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many things have occurred, of which we had no expectation; some, perhaps, that have succeeded beyond our hopes; many, also, that have befallen us contrary to our wish? How often were each of us admonished that there are secret wheels, which, unseen by us, bring about the revolutions of human affairs; and that, while man was devising his way, Providence was directing the event?

That scene is now closed. The tale of that year has been told. We look forward to the year which is beginning; and what do we behold there? — All, my brethren, is a blank to our view: A dark unknown presents itself. We are entering on an untried, undiscovered country, where, as each succeeding month comes forward, new scenes may open; new objects may engage our attention; changes at home or abroad, in public or in private affairs, may alter the whole state of our fortune. New connections may be at hand to be formed, or old ones just about to be dissolved; perhaps, we have little more to do with this world, or with may any of its connections; we may be standing on the verge of time and life, and on the point of passing prosinto a new region of existence. In short, the pect before us is full of awful uncertainty. Life and death, prosperity and adversity, health and sickness, joy and trouble, lie in one undistinguishable mass, where our eye can descry nothing through the them obscurity that wraps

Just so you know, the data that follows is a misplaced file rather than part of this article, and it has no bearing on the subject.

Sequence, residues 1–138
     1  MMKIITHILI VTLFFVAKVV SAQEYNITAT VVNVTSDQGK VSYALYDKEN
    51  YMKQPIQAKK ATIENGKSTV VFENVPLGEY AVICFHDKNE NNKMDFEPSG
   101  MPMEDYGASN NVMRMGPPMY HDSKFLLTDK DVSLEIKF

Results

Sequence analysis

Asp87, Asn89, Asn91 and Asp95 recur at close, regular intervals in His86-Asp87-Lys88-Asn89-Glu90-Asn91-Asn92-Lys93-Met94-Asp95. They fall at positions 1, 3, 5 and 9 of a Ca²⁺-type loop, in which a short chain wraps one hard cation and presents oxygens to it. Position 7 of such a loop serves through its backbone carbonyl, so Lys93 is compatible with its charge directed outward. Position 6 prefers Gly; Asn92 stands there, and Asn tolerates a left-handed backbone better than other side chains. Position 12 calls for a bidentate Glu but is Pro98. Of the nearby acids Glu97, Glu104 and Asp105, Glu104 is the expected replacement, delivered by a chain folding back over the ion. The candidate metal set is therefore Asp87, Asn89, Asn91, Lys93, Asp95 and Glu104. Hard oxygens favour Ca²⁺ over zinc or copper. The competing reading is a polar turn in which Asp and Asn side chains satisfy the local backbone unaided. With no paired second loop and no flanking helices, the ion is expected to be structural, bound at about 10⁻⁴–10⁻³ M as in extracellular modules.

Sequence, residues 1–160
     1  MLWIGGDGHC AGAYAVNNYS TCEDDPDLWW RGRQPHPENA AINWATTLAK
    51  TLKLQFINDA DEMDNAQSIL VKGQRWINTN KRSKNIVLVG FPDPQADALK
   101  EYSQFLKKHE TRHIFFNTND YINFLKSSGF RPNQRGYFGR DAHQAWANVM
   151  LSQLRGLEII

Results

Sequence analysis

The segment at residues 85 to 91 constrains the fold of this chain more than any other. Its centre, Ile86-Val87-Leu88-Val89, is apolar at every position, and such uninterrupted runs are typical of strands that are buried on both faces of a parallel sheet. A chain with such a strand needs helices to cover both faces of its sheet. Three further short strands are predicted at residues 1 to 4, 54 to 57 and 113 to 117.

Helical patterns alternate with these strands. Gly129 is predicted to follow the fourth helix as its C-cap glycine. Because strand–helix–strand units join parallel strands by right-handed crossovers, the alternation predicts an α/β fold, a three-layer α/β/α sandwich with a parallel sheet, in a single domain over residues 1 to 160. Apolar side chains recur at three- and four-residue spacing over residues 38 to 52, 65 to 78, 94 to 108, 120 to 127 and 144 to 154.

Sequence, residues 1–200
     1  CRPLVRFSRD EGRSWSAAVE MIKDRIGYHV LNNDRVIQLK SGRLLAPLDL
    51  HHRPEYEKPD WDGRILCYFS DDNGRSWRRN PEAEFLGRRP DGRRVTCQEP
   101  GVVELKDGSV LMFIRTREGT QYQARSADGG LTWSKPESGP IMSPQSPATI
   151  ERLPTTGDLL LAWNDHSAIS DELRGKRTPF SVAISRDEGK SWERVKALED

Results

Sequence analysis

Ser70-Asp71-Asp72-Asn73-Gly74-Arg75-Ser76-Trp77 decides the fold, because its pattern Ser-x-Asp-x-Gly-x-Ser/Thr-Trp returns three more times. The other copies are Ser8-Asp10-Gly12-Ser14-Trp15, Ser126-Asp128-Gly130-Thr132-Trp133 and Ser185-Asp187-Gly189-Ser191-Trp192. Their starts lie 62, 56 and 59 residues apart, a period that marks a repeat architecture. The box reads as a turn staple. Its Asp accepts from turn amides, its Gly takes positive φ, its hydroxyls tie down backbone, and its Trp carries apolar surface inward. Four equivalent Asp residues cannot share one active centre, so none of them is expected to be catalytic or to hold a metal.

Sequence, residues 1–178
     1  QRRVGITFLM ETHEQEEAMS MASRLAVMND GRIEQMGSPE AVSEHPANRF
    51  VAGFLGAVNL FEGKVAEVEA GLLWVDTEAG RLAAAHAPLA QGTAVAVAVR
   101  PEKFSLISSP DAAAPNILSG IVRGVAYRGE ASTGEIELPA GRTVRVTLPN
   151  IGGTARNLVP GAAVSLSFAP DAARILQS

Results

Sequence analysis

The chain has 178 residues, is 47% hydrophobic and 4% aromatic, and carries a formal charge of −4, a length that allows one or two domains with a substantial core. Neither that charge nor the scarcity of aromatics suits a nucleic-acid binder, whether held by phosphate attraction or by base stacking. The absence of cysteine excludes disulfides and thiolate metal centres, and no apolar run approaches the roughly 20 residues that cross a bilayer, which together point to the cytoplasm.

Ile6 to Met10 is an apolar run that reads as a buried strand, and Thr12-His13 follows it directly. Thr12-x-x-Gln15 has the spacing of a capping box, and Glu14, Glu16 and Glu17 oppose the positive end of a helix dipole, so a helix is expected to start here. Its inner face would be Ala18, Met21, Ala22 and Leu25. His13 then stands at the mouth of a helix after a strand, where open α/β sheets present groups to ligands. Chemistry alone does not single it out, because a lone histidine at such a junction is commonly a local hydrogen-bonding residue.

While it is thus certain that our times are not at our own disposal, we are taught by the text, that they are in the hand of God. This may be considered in two views. Our times are in the hand of God, as

á supreme Disposer of events. They are in the hand of God, as a Guardian and a Father.


Our times, I say, are in the hand of God as a supreme irresistible Ruler. All that is to happen to us in this and the succeeding years of our life, — if any succeeding years we shall be allowed to see,has been foreknown and arranged by God. The first view under which human affairs present themselves to us, is that of confused and irregular succession. The events of the world seem thrown together by chance, like the billows of the sea, tumbling and tossing over each other, without rule or order. All that is apparent to us, is the fluctuation of human caprice, and the operation of human passions. We see the strife of ambition, and the efforts of strata gem, labouring to accomplish their several purposes among the societies of men. But it is no more than the surface, the outside of things that we behold. Higher counsels, than it is in our power to trace, are concerned in the transactions of the world. If we believe in God at all, as the Governour of the universe, we must believe that, without his providence, nothing happens on earth. He over-rules, at his pleasure, the passions of men. He bends all their designs into subserviency to his decree. He makes the wrath of man to praise him; and restrains, in what measure he thinks fit, the remainder of wrath.* He brings forth in their course all the generations of men. When the time is come for their entering into light, they appear on the stage; and when the time fixed for their dismission arrives, he changes their countenance, and sends them away.

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*Psalm lxxvi. 10.


The time of our appearing is now come, after our ancestors had left their place, and gone down to the dust. We are at present permitted to act our part freely and without constraint. No violence is done to our inclination or choice. But assuredly there is not a day of our life, nor an event in that day, but was foreseen by God. That succession of occurrences, which to us is full of obscurity and darkness, is all light and order in his view. He sees, from the beginning to the end; and brings forward every thing that happens in its due time and place.